Christmas in our hearts – Arche herzensbrücken
The Olympiaregion reveals new facets and perspectives on a daily basis. It’s not just the lovely surroundings – a temptation for all the senses – that enchant me, but equally the warmth of the people that live here on the plateau: a profound wisdom; living in harmony with the region; and a dedication that is renewed on a daily basis to protect this dream of a lifestyle. Just like the founder of the organisation Arche herzensbrücken (Ark ‘Bridge of Hearts‘).
I have set myself a personal goal each year before Christmas: to try to do something good – my way of saying thank you for the good life that I have been blessed with. Showing and sharing from the heart. On my travels through the Olympiaregion I had noticed this sign:
My curiosity was awakened: what did that mean and who was behind it? One phone call and an appointment for an interview had been arranged with the founder Mag. Horst Szeli. In the meantime, I read the brochure ‘A Piece of Normality – for Families with Severely Ill Children’ and I could see how much heart would be needed for such a project. An attempt in a four-star hotel to bridge the gap between ‘healthy wellness’ and ‘limited wellness’. Removing the fear of contact and helping to raise awareness – a tough line to tread.
Eventually we meet over a cup of coffee. Horst, from Lower Austria (Pottendorf in the Baden District – 6817 inhabitants), tells me that he worked in Casino Seefeld and on his qualifications as a trainer and coach for more than 20 years. During a car trip from Vienna to Innsbruck he was listening to the radio programme ‘Frühstück bei mir’, which featured Father Kai, the founder of the Sterntalerhof – a hospice for chronically ill and incurable children in Burgenland in the south of Austria. Horst couldn’t forget the words of the father: “Sometimes you just have to do something without knowing why.”
What mark would he leave with his life? What could he look back on? What would remain after he was gone? Suddenly he started thinking about a type of therapy that he had learned: ‘There can be no wings without roots.’ Horst wanted some roots. His first step was to take a training course with Caritas working with adults. That wasn’t enough for him, though, as his thoughts returned to children and young people. To see if he could really achieve anything, he signed up for a three-week work experience in a children’s hospice in Bad Grönenbach in Germany – sadly there is no similar training available in Austria. This work, as everyone predicted, did not only feature suffering, death, pain and loss. Quite the reverse, the more he put into it the more he received in return. His personal fulfilment and satisfaction grew day by day and it became clear to him that this was where his future lay.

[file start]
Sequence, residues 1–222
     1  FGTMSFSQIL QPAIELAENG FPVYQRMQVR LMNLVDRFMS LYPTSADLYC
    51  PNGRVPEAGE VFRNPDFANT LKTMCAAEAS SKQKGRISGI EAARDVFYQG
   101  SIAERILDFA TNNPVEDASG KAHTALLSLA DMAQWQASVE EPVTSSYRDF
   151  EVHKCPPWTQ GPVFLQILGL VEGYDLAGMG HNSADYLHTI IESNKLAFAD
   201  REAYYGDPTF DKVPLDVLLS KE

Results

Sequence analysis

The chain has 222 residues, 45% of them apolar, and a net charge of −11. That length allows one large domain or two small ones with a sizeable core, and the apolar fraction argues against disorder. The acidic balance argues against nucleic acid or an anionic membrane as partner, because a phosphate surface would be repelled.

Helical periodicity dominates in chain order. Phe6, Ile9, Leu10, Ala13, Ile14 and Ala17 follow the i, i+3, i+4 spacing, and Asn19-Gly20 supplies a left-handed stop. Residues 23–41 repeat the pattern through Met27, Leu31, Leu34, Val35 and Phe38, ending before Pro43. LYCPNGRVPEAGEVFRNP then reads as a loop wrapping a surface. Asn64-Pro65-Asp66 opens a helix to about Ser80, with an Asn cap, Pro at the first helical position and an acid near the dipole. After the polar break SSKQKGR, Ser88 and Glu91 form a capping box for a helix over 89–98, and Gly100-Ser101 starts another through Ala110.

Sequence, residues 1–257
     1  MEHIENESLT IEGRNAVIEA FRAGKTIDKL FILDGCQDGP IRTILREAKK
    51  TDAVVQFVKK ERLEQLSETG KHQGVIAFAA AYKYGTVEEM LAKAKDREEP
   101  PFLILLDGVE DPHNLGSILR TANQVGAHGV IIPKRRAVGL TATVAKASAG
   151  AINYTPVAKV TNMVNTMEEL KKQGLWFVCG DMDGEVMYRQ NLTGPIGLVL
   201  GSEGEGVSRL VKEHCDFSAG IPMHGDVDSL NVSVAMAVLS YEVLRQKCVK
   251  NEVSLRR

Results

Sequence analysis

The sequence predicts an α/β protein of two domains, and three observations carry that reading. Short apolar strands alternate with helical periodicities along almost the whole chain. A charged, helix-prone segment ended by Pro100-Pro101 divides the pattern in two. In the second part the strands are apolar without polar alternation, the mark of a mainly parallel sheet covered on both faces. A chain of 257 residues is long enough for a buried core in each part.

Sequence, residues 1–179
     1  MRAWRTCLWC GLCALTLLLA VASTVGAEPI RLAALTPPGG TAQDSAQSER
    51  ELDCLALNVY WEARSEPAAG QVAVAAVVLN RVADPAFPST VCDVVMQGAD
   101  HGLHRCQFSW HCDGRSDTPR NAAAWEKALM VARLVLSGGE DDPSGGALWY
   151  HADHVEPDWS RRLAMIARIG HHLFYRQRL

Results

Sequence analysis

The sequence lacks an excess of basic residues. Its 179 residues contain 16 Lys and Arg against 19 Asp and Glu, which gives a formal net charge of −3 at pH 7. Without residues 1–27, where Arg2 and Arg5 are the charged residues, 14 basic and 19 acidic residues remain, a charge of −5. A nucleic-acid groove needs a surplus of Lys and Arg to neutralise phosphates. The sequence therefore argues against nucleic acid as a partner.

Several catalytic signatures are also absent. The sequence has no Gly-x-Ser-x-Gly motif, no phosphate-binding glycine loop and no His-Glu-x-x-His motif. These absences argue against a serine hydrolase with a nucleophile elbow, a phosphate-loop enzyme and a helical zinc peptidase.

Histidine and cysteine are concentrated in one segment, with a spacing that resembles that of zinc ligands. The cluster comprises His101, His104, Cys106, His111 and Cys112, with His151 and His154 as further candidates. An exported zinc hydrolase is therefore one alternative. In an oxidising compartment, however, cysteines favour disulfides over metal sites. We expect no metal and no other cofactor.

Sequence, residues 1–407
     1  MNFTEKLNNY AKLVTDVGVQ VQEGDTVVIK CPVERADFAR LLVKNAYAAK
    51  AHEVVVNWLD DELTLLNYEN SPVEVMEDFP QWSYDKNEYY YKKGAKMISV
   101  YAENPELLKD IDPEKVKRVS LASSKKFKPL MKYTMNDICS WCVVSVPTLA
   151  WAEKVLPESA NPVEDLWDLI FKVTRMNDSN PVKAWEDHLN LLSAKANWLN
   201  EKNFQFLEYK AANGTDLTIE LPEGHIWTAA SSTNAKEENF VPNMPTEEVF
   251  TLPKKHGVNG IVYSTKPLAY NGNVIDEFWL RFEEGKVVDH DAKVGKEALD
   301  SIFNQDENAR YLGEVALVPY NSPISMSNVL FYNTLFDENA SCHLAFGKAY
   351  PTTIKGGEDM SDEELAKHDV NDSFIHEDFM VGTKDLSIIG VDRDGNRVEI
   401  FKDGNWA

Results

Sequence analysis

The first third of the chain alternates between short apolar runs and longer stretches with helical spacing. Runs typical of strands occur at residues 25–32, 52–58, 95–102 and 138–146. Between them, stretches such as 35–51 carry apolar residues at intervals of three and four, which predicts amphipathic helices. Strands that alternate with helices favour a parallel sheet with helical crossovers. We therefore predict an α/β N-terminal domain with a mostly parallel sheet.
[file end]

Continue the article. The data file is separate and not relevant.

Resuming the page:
In 2012 he founded the “Arche herzensbrücken” association. He needed to push himself forward, clear up any legal problems, and apply for grants from the Tyrolean government. Running the gauntlet in all directions. Additionally, he presented his project in clinics around Austria. The goal was to gain as many partners, colleagues and donations as possible.
It was a long and rocky road for the “Arche herzensbrücken” but by summer 2015 it was finally time! The first seven families experienced a ‘new’ kind of holiday and every one of them was treated in a loving and professional way. Helpers, doctors, a nursing sister, the whole family – everyone was on hand with their time, experience, equipment and a tremendous amount of HEART.
In 2016 – only a year later – 35 families took their holidays together. The brothers and sisters grinned from ear to ear: “When I’m back at school now I can talk about our holidays!” – unimaginable that this is not possible for every child. After all that I learned about this project I can say that the Arche herzensbrücken has won my support and my heart.
Project ARCHE herzensbrücken
Fotos: Bettina Friedrichs/Fotolia